I rode my bike until I came to the end of the road.
Then I rode home.
I rode my bike until I came to the end of the road.
Then I rode home.
The weather here in the Pacific Northwest is starting to look more like summer. When the wind is calm, and it is not that easy to predict when that will occur, we are out again on the Columbia River for a little kayak fishing for smallmouth bass. The Columbia River is one of the best places for smallmouth bass fishing in the United States. The smallmouth bass can be found just about everywhere on the river, all a fisherman has to do is find them.
There are many places to launch kayaks on the Columbia River. As long as you can get to the river’s edge, which in places is easier said than done, you can launch the kayak and look for the fish. A fisherman could easily spend the entire spring and summer on the Columbia River fishing for smallmouth bass. There are places to camp and the environment ranges from temperate rain forest to high desert in just a couple hundred miles.
As it has been since springtime struggled to emerge from the brutal 2016-17 winter here in the Columbia River Gorge, the water levels in the Columbia River remain high with strong currents and high river flows. The water level in the river is controlled by the dams and there is plenty of water from snowmelt to keep the pools behind the dams at maximum levels. I don’t think they can let much more water through the dams without flooding at this point. The high water, constantly changing water levels and sediment in the water have not made for the best fishing. Perhaps the oxygen level of the water, which comes from the bottom of the pool behind the dams, is lower than normal, making the fish sluggish. All of this is making for much slower than normal smallmouth bass fishing. We are catching a few bass, but you really have to work at it. We’re catching more small fish, so the spawning season is over and we should be seeing a little more action from the small to medium size smallies, but at this point, the smallmouth bass fishing around here remains challenging.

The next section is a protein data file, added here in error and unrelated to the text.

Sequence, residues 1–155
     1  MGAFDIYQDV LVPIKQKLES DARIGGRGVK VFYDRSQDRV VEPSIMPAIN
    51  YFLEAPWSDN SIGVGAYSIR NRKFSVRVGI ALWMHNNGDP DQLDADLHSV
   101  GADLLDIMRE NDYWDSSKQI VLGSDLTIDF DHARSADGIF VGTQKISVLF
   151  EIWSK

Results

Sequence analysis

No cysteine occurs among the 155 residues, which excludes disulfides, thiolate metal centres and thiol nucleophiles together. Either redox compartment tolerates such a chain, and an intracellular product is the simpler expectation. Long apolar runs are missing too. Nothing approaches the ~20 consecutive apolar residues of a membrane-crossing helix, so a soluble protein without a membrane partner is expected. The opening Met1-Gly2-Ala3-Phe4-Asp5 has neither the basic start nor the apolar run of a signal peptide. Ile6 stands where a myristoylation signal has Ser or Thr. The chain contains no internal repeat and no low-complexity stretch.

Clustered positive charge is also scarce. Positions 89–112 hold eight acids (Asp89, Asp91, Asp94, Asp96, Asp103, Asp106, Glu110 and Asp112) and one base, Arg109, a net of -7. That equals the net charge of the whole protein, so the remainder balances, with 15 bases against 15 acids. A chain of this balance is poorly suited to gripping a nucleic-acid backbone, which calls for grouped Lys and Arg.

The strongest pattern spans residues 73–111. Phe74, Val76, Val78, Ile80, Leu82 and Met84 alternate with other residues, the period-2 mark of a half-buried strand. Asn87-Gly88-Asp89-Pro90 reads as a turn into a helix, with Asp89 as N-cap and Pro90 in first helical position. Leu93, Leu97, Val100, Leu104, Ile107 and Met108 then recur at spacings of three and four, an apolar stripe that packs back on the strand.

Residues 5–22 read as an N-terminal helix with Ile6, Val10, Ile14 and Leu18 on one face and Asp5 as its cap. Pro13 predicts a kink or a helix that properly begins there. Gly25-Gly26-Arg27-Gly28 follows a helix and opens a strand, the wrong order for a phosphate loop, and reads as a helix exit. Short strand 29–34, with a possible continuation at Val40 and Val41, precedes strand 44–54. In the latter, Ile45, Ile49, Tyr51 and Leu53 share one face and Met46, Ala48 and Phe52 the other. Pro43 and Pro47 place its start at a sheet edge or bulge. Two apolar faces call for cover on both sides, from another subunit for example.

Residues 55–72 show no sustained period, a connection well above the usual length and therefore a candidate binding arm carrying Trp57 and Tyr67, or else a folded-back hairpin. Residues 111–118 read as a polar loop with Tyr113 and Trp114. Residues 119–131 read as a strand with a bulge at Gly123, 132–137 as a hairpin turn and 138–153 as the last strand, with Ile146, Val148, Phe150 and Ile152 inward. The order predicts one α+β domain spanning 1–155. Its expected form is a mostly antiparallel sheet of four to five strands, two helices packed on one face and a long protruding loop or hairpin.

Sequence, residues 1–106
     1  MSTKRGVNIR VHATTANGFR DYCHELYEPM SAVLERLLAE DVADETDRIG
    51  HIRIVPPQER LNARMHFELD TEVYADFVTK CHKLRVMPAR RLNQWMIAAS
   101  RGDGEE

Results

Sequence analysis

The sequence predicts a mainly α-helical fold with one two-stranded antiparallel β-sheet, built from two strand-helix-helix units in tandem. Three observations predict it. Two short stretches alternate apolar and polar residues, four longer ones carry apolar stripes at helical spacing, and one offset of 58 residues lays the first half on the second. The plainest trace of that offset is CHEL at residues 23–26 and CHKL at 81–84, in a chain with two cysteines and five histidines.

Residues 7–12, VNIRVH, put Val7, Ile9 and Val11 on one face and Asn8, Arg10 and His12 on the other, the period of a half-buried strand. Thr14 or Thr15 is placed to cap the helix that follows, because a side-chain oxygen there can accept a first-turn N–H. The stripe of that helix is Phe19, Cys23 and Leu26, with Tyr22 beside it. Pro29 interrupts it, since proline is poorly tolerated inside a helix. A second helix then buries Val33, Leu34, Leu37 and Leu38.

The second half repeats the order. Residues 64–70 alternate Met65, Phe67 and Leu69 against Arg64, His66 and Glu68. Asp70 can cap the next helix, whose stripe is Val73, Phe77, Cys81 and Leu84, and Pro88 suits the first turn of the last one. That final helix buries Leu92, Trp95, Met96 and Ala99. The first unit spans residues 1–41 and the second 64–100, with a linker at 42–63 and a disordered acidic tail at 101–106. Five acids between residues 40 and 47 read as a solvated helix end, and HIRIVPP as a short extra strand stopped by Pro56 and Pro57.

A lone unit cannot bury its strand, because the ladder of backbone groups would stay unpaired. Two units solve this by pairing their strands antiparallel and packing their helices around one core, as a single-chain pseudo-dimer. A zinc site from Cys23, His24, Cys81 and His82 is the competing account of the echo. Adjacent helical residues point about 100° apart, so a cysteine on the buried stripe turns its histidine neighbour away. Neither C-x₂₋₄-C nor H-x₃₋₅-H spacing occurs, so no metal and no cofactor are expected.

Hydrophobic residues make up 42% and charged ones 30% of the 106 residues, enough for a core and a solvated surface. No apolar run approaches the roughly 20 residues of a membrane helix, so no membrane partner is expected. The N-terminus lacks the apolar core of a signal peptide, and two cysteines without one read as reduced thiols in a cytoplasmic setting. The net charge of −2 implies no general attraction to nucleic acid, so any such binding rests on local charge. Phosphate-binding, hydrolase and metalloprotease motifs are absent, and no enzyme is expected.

We’ll be back out on the river tomorrow, then we have some business to take care of so we might not have a chance to go fishing as much as we would like to. The kayak is on the truck and ready to go in the morning.
When you have an opportunity to get out and do something you like to do, you should get out there. You can never be sure what tomorrow will bring. The only thing you can be sure of is that things will always change, many times not for the better. Don’t wait until tomorrow or next weekend or when the weather is better. Get out there today!
We had a stretch of nice days with moderate winds so we were out on the Columbia River on the kayaks doing a little smallmouth bass fishing. There was a slight delay in launching in the morning as we waited out one of the Columbia Gorge’s infamous long trains. The tracks usually run along side the interstate so you don’t often have to cross train tracks, but if you do and there is a train coming, you may be in for a long wait watching the flashing red lights.